Cargo in UK Law

Leading Cases
  • Aries Tanker Corporation v Total Transport Ltd
    • House of Lords
    • 27 Jan 1977

    But, and I do not think that sufficient recognition to this has been given in the courts below, it is a time bar of a special kind, viz., one which extinguishes the claim (cf. Article 29 of the Warsaw Convention 1929) not one which, as most English Statutes of Limitation (e.g. the Limitation Act 1939, The Maritime Conventions Act 1911), and some international Conventions (e.g. the Brussels Convention on Collisions 1910 Article 7) do, bars the remedy while leaving the claim itself in existence.

  • Albazero, The (Albacruz)
    • House of Lords
    • 28 Jul 1976

    The only way in which I find it possible to rationalise the rule in Dunlop v. Lambert so that it may fit into the pattern of the English law is to treat it as an application of the principle, accepted also in relation to policies of insurance upon goods, that in a commercial contract concerning goods where it is in the contemplation of the parties that the proprietary interests in the goods may be transferred from one owner to another after the contract has been entered into and before the breach which causes loss or damage to the goods, an original party to the contract, if such be the intention of them both, is to be treated in law as having entered into the contract for the benefit of all persons who have or may acquire an interest in the goods before they are lost or damaged, and is entitled to recover by way of damages for breach of contract the actual loss sustained by those for whose benefit the contract is entered into.

  • Antaios Compania Naviera S.A. v Salen Rederierna A.B.
    • House of Lords
    • 26 Jul 1984

    While deprecating the extension of the use of the expression "purposive construction" from the interpretation of statutes to the interpretation of private contracts, I agree with the passage I have cited from the arbitrators' award and I take this opportunity of re-stating that if detailed semantic and syntactical analysis of words in a commercial contract is going to lead to a conclusion that flouts business commonsense, it must be made to yield to business commonsense.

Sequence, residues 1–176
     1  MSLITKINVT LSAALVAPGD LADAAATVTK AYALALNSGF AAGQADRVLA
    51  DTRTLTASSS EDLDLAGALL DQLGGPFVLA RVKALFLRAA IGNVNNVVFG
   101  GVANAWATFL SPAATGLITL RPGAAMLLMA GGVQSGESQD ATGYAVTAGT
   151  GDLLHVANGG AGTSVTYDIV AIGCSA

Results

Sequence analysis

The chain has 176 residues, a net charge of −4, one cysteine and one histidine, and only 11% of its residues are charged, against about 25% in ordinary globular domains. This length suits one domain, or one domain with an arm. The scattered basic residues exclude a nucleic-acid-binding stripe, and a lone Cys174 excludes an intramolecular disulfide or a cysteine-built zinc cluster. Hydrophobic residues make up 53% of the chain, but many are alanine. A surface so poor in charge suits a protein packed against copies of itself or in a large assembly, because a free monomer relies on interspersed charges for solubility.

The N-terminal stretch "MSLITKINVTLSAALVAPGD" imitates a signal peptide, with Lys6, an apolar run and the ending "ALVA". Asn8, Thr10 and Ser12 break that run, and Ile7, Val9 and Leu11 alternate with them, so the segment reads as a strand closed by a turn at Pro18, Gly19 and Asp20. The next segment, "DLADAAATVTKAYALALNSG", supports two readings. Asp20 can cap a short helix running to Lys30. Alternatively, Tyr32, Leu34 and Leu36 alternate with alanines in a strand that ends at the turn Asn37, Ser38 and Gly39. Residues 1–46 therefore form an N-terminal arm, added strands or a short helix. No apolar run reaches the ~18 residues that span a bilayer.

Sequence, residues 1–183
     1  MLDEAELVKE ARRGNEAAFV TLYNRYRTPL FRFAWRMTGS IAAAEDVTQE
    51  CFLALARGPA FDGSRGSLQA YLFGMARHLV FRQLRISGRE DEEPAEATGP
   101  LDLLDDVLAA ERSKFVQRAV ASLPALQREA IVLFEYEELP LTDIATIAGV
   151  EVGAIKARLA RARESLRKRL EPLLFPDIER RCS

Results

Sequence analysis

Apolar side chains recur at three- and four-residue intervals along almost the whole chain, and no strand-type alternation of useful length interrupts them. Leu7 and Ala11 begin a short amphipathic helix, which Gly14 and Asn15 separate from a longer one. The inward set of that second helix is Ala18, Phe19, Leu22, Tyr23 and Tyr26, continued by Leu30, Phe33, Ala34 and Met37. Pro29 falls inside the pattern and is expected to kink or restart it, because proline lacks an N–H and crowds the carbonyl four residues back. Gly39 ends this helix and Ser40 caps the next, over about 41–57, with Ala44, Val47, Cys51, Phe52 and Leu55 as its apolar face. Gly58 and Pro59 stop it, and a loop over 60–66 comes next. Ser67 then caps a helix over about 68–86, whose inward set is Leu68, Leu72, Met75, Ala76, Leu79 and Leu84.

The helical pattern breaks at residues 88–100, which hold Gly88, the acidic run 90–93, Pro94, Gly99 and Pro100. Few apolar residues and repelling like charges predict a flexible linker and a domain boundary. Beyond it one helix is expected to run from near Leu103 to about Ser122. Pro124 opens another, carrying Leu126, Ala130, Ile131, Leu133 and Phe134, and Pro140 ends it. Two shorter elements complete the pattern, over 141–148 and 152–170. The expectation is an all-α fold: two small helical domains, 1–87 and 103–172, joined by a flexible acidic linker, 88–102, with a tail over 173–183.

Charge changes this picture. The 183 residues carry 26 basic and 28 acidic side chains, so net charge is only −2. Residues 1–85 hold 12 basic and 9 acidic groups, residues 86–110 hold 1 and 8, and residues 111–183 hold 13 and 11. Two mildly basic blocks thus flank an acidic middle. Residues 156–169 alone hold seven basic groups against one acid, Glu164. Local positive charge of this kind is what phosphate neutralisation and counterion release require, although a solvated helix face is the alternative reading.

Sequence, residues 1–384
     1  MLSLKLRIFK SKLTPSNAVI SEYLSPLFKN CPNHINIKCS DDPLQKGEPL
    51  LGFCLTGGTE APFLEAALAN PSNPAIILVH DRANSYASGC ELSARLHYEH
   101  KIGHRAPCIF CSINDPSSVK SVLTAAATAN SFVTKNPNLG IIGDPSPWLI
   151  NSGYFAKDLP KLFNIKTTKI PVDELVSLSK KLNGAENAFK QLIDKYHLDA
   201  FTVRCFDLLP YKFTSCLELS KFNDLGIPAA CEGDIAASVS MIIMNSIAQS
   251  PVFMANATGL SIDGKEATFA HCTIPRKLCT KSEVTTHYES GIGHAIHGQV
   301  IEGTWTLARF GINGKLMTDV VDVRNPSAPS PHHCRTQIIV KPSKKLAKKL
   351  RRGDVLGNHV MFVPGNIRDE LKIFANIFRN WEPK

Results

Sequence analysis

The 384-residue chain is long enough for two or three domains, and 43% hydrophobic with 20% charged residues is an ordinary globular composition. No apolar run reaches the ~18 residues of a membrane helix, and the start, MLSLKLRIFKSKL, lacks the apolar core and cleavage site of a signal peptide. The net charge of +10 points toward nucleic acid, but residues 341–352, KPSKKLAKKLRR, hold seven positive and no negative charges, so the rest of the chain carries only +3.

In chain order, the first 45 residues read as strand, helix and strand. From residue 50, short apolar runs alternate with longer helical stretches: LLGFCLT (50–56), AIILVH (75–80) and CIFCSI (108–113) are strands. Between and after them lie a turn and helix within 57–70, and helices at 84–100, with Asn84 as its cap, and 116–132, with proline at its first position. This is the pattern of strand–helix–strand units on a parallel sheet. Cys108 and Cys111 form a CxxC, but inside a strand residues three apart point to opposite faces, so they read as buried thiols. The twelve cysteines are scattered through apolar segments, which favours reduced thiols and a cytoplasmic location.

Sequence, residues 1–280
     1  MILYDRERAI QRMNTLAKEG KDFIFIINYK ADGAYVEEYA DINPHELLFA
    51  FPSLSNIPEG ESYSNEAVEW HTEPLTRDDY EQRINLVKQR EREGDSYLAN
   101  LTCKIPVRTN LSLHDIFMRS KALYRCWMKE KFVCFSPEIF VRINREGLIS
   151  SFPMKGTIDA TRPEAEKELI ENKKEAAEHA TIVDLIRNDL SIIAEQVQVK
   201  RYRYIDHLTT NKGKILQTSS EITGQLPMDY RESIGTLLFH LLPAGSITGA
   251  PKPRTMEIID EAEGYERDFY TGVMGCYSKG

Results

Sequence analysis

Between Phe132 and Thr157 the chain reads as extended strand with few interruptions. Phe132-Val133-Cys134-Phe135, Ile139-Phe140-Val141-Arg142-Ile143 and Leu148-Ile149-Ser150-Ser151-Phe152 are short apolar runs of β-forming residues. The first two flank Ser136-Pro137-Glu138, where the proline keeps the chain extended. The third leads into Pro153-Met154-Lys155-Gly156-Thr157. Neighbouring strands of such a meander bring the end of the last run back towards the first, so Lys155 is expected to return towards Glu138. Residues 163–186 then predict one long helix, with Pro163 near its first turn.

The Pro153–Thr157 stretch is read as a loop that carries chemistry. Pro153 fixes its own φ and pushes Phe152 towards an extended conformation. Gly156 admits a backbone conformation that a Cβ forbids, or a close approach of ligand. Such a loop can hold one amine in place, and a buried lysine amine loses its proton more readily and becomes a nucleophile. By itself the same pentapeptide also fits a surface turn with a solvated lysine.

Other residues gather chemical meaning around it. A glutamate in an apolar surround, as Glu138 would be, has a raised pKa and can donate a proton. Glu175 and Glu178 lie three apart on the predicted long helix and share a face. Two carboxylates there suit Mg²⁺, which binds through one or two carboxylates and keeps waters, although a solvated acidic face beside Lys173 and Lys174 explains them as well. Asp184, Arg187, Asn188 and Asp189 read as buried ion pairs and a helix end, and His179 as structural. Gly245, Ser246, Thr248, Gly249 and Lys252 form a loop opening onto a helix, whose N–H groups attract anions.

• Armagas Ltd v Mundogas SA (The Ocean Frost)
    • Court of Appeal (Civil Division)
    • 18 Oct 1984

    It is frequently very difficult to tell whether a witness is telling the truth or not; and where there is a conflict of evidence such as there was in the present case, reference to the objective facts and documents, to the witnesses' motives, and to the overall probabilities, can be of very great assistance to a judge in ascertaining the truth.

  • Mareva Compania Naviera S.A. v International Bulkcarriers S.A.
    • Court of Appeal (Civil Division)
    • 23 Jun 1975

    In my opinion that principle applies to a creditor who has a right to be paid the debt owing to his even before he has established his right by getting judgment for it. If it appears that the debt is due and owing — and there is a danger that the debtor may dispose of his assets so as to defeat it before judgment — the Court has jurisdiction in a proper case to grant an interlocutory judgment so as to prevent his disposing of those assets.